Area: 56.9 hectares.

Description and Reasons for Notification:

Warmwell Heath represents one of the most westerly blocks of Dorset heathland and has a long history of isolation which is of interest for the study of habitat fragmentation and the resulting faunal and floral richness. The heathland lies over the acidic Bagshot Beds and Plateau Gravels of the Poole Basin, with alluvial deposits and peat predominant within the adjacent river valley. The area supports a range of heathland habitats from dry heath to bog. Associated with the heathland are peripheral areas of woodland, carr and swamp vegetation. 

The dry heath of the higher slopes is dominated by ling Calluna vulgaris with bell heather Erica cinerea, dwarf gorse Ulex minor and typical heathland lichens, especially Cladonia portentosa. common gorse Ulex europaeus and bracken Pteridium aquilinum form locally dense stands. The vegetation rapidly grades from dry to humid heath, with cross-leaved heath Erica tetralix, which dominates the lower slopes. The eastern section of the heath is interspersed with fairly dense patches of Scots pine Pinus sylvestris, birch Betula spp. and pedunculate oak Quercus robur

The lower lying areas are dominated by wet heath and bog communities in which purple moor grass Molinia caerulea is abundant along with varying amounts of the cross-leaved heath. The rare marsh gentian Gentiana pneumonanthe and petty whin Genista anglica, which is infrequent in Dorset, are also present on the wet heath. Associated with these wetter areas are several species of bog moss Sphagnum spp. including the rare S. pulchrum as well as the very local marsh clubmoss Lycopodiella inundata. Other species frequent within the bog communities are common cottongrass Eriophorum angustifolium, bog asphodel Narthecium ossifragum, round-leaved sundew Drosera rotundifolia and bog-myrtle Myrica gale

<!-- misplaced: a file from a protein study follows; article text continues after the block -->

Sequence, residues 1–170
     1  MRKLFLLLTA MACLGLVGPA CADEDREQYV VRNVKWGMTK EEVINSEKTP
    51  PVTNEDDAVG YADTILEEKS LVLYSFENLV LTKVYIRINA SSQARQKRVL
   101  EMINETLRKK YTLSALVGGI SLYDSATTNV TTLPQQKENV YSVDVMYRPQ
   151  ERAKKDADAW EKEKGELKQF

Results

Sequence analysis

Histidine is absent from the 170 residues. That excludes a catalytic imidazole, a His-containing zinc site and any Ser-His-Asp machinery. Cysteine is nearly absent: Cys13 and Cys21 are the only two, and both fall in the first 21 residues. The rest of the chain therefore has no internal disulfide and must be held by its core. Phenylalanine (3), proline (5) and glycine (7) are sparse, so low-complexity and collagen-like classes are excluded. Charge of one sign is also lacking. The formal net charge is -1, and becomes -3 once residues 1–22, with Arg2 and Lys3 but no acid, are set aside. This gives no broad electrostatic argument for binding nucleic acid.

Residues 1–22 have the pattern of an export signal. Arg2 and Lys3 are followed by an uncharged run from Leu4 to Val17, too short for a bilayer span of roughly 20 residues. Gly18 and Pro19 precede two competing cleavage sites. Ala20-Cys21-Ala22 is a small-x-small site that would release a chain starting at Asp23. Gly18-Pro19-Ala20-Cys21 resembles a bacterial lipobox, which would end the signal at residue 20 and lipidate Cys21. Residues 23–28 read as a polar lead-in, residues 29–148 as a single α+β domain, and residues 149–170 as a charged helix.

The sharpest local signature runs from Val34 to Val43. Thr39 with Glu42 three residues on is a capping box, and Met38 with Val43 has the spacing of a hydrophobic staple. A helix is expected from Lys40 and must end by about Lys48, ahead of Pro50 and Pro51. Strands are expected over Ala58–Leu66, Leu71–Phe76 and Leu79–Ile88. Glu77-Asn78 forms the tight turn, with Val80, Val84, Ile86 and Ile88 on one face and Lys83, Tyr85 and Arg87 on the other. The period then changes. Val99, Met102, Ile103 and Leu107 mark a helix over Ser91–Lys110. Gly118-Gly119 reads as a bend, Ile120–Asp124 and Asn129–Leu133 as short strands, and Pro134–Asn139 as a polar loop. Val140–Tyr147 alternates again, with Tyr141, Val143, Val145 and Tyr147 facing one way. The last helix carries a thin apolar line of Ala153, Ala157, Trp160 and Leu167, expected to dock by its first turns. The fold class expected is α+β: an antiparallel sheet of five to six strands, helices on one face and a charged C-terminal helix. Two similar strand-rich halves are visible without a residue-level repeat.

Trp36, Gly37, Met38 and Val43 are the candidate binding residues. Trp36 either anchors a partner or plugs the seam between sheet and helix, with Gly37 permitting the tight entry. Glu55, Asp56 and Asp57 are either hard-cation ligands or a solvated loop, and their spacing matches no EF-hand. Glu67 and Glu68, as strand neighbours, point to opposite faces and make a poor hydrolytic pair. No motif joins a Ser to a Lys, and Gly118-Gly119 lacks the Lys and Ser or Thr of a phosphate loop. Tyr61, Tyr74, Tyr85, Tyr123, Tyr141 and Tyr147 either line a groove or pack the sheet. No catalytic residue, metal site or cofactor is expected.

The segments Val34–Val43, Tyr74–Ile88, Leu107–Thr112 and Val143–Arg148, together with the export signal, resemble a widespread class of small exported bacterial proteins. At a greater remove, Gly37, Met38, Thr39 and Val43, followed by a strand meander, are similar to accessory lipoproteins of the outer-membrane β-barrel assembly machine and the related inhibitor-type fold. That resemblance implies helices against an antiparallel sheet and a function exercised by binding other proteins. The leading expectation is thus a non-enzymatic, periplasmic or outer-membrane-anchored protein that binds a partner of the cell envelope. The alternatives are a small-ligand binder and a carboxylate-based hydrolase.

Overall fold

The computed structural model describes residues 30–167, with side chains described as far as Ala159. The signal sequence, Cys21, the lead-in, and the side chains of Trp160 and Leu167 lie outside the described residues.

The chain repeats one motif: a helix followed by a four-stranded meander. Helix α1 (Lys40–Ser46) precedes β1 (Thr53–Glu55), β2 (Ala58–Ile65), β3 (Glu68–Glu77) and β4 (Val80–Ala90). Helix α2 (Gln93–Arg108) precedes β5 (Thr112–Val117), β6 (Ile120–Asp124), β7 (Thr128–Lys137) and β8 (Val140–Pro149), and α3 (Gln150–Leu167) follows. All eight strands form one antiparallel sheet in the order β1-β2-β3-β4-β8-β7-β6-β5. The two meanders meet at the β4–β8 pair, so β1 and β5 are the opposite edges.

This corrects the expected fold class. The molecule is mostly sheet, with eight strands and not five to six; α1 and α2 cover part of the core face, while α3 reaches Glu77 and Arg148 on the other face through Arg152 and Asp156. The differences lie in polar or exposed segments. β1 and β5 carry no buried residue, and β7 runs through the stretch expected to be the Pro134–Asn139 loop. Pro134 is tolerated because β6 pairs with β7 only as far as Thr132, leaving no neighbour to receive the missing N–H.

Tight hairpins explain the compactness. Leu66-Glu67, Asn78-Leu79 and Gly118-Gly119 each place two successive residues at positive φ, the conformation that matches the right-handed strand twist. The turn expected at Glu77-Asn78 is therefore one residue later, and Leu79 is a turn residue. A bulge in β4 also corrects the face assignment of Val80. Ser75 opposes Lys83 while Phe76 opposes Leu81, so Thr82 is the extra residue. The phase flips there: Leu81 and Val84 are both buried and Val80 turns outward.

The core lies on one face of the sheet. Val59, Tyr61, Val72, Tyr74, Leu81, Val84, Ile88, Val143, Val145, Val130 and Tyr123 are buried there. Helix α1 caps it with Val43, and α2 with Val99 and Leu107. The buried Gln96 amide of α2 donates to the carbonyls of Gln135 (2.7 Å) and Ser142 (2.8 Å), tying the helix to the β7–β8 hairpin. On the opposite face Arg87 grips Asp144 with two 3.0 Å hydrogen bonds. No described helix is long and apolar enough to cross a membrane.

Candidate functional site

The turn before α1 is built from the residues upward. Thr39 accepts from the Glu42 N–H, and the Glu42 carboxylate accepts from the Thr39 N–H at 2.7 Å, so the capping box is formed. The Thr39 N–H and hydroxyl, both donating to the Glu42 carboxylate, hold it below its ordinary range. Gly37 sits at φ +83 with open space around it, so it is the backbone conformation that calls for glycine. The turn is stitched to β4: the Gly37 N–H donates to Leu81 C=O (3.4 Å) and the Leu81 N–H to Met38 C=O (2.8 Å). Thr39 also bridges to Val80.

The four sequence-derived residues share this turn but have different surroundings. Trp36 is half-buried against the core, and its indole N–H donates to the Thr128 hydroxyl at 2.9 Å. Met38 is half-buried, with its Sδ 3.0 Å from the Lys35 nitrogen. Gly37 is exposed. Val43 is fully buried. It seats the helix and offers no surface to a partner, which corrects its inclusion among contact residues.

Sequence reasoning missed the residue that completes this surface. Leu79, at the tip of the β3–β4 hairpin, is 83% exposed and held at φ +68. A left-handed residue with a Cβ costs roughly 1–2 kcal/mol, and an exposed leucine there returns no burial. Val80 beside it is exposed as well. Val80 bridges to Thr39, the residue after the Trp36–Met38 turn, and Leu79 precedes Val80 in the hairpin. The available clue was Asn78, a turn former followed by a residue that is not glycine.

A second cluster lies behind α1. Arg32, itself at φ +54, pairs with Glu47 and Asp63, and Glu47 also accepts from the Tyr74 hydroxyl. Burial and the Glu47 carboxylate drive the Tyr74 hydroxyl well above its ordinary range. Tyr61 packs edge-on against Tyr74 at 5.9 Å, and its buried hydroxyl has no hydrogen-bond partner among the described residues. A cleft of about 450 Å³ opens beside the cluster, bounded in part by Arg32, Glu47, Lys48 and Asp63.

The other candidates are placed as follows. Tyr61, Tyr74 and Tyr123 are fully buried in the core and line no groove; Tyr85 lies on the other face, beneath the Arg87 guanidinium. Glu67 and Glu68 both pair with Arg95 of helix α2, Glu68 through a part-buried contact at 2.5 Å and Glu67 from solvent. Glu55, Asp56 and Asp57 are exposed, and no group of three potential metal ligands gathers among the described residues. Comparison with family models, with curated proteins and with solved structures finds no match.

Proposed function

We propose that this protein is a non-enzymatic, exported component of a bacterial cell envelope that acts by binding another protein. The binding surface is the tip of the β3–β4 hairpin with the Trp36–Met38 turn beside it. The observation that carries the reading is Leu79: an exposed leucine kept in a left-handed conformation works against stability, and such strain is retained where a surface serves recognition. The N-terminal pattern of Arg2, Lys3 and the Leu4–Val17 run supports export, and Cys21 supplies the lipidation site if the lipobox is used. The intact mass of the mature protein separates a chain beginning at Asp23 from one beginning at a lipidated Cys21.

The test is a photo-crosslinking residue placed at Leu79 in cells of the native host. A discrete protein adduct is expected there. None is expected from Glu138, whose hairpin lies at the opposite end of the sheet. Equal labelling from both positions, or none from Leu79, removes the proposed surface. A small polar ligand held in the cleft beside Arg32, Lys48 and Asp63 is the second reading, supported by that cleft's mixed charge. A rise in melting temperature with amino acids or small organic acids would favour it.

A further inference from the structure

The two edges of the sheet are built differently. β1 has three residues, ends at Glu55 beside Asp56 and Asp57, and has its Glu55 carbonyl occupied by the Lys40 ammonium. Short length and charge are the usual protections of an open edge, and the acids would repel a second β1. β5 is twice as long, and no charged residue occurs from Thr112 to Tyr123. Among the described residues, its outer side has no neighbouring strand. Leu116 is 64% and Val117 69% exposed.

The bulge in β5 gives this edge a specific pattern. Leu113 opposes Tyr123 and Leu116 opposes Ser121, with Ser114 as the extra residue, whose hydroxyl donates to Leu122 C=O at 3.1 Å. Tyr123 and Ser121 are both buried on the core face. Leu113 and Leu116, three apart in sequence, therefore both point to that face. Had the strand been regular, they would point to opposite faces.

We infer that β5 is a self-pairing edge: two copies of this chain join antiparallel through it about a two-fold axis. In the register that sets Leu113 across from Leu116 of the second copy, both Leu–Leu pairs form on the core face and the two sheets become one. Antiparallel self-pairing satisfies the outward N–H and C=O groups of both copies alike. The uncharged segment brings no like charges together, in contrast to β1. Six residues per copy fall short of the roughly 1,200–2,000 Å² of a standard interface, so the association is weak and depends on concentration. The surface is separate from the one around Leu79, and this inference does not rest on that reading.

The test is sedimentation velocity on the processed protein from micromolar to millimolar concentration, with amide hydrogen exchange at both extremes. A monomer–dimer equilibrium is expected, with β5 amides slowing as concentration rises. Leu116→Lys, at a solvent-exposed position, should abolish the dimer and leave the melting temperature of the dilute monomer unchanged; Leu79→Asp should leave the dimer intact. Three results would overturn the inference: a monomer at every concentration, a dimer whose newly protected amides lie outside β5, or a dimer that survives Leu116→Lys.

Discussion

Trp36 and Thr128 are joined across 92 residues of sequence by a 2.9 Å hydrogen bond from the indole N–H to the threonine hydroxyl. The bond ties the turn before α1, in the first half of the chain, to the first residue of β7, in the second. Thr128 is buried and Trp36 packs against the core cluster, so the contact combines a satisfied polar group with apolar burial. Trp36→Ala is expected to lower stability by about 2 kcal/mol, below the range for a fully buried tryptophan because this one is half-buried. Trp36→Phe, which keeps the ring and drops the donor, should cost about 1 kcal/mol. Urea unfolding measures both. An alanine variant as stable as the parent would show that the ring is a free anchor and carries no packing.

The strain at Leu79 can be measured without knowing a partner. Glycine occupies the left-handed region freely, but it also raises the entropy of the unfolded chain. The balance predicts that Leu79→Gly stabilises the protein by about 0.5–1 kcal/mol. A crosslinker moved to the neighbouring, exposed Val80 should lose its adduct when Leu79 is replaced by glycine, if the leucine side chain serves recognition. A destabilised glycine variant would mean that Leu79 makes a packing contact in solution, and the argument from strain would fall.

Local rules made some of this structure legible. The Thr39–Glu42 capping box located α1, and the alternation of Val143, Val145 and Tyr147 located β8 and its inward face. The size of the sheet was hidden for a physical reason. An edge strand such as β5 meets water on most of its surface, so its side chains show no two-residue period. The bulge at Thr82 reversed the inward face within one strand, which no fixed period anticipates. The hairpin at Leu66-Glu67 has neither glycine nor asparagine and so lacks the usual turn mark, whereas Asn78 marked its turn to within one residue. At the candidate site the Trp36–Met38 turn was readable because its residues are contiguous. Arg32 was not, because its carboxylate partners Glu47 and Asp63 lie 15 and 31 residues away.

The Tadnoll Brook, a tributary of the River Frome, rises as a chalk spring 3 kilometres to the west, and within its valley vegetation communities have developed which are influenced by both the base-rich river water and the acidic lateral flow from heathland. The area comprises a mosaic of alder Alnus glutinosa and willow Salix spp. carr, interspersed with more open fen vegetation. The mixed fen vegetation close to the river banks includes species such as meadowsweet Filipendula ulmaria, common valerian Valeriana officinalis, marsh-marigold Caltha palustris, common comfrey Symphytum officinale, and wild angelica Angelica sylvestris. Beyond this are areas of tall fen dominated by lesser pond-sedge Carex acutiformis and reed canary-grass Phalaris arundinacea. The carr is fringed by tall tussocks of greater tussock-sedge Carex paniculata which particularly follow the line of former ditches. Within the carr itself are patches of tussocky purple moor-grass and bog mosses, these reflecting the acidic influence on the area. A tussock-form of common sedge Carex nigra also occurs locally. 

Although Warmwell Heath is further west and separated from the main blocks of Purbeck heathland the rare and protected smooth snake Coronella austriaca is known to occur on this site. The dragonfly fauna is rich and includes the uncommon small red damselfly Ceriagrion tenellum.